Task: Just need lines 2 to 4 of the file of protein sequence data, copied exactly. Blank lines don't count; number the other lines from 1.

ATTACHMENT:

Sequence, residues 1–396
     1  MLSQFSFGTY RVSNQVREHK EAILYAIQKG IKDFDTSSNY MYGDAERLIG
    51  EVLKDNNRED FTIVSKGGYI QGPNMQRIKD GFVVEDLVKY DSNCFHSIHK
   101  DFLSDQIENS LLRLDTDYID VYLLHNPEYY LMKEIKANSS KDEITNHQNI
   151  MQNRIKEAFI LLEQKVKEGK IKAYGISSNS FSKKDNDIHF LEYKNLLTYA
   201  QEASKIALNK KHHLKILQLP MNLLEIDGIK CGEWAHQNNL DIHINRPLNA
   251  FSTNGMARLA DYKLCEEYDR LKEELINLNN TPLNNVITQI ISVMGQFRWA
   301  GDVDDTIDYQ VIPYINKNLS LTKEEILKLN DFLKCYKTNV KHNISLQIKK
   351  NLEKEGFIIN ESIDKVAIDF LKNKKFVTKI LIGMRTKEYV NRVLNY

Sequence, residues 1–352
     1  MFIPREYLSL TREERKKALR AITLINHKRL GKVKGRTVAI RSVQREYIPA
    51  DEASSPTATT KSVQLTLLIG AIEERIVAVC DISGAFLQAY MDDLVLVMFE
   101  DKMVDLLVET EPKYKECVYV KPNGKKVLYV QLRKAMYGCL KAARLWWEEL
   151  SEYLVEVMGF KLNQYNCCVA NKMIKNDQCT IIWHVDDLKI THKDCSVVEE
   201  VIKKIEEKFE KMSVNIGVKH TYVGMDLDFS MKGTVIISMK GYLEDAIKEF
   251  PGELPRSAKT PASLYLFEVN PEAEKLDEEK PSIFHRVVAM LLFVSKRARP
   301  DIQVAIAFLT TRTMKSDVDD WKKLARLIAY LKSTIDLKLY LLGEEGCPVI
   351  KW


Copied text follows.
     1  MLSQFSFGTY RVSNQVREHK EAILYAIQKG IKDFDTSSNY MYGDAERLIG
    51  EVLKDNNRED FTIVSKGGYI QGPNMQRIKD GFVVEDLVKY DSNCFHSIHK
   101  DFLSDQIENS LLRLDTDYID VYLLHNPEYY LMKEIKANSS KDEITNHQNI